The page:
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i have been searching the web for a solution, but no luck.

We are making a socket, that can send and recieve data. Both the client and server version are acting as a client and server. The problem is, that the client server version ip is on a network that use NAT, which means, that when the server is trying to recieve the message, it wont, because the server have the public ip and we cant seem to find a solution, for how to recieve the data.

The SetIPProtectionLevel is Unrestricted, so it should work.

Thanks for the help.

We have tried to change the ip on the server version to local and then send from client to public server ip, but with no luck.

From local client ip to local server ip it is working.

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It should work just fine. The 10049 error means you're using the wrong address. If the problem is that you're getting that error code, it's due to a bug in your code which you need to find and fix. What operation is getting that error? What parameters are you passing in that operation? –  David Schwartz Jan 22 '12 at 20:21
here can you see the server code: SN = new Socket(AddressFamily.InterNetwork, SocketType.Dgram, ProtocolType.Udp); IPEndPoint IEP = new IPEndPoint(IP, Port); SN.SetIPProtectionLevel(IPProtectionLevel.Unrestricted); SN.Bind(IEP); IPEndPoint IPS = new IPEndPoint(IPAddress.Parse("[my ip]"), 2000); EndPoint EP = (EndPoint)IPS; SN.BeginReceiveFrom(BR, 0, BR.Length, SocketFlags.None, ref EP, new AsyncCallback(OnReceive), EP); –  Matias Korn Jan 22 '12 at 20:35
That can't work for the server! You can't know the IP/port until you receive a UDP packet and you can't receive a UDP packet until after you have the socket set up! You need to bind long before you receive the first UDP packet, long before you know the other end's IP and port. –  David Schwartz Jan 22 '12 at 20:37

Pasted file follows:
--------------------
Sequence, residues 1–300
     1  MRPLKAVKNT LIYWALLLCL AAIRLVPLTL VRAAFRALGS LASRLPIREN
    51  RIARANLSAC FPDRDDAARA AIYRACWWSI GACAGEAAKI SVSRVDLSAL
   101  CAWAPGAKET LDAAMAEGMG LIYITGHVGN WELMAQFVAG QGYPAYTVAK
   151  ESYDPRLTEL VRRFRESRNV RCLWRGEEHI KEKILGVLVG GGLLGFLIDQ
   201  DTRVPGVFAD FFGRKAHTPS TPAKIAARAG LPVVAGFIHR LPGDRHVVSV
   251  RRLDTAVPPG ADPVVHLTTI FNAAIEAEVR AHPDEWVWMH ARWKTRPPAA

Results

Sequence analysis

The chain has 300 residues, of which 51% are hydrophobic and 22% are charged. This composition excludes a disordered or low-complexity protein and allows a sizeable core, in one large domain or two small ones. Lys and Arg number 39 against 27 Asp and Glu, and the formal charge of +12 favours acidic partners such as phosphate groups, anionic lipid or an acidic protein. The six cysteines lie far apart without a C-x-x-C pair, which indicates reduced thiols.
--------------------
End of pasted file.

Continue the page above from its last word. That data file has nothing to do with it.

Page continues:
The wierd thing is, that on my friends computer there is no problem with the server. So i has something to do with my network compared to his –  Matias Korn Jan 22 '12 at 20:49
Sometimes when you break the rules, it works by luck. But the rules exist for a reason. (And that's what's happening here. It's working by pure luck, the IP and port happen to match what you expect. But your expectation is unreasonable, and when it's wrong, your code breaks.) –  David Schwartz Jan 22 '12 at 20:52

2 Answers 2

There's no reason this should give you any problems, provided that one side is not behind NAT and the side that's behind NAT sends the first packet. Just follow these rules:

1) On the server, check the list of all IP addresses the host has. Bind a UDP socket to each IP address. You can skip this if the server only has one public IP address and that's the only address it will be reached on.

2) Send a UDP reply on precisely the same socket you received the request on. This is critical to ensure the source address of the reply matches the destination address.

3) Send the UDP reply to precisely the same IP address and port as you received the query on. Ignore anything the other end says about what it thinks its IP address is or what port it thinks it's sending from.

And a few notes:

By "the server", I mean the side that's not behind NAT. If you have no distinction between client and server, then follow the server rules for both sides and you'll be fine.

These rules apply whether or not a packet is, strictly speaking, a reply. They apply to any packet you expect to get to the other side.

Remember, you can't rely on the IP/port information in the packet to tell you who the packet came from, because NAT can change it. So you will have to put sufficient information in the payload of the datagram to do that. Ideally, expect that an endpoint's IP/port can change at any time and send all packets to the IP/port from which you last received a packet from that particular client.

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Maybe check your AntiVirus software installed.

We had to find out that some AV sw broke our interprocess communication built upon UDP messaging - even when the AV included firewall part was deactivated and our own sw was put on the trusted sw list. Some AV products seem to stick themselves so deep in the IP stack and do weird things to filter out suspicious communication that there may be strange effects. The only thing which helped was deinstalling the AV protection sw.

Support of most AV companies for such problems was very poor - so we finally had to change to another AV sw brand.

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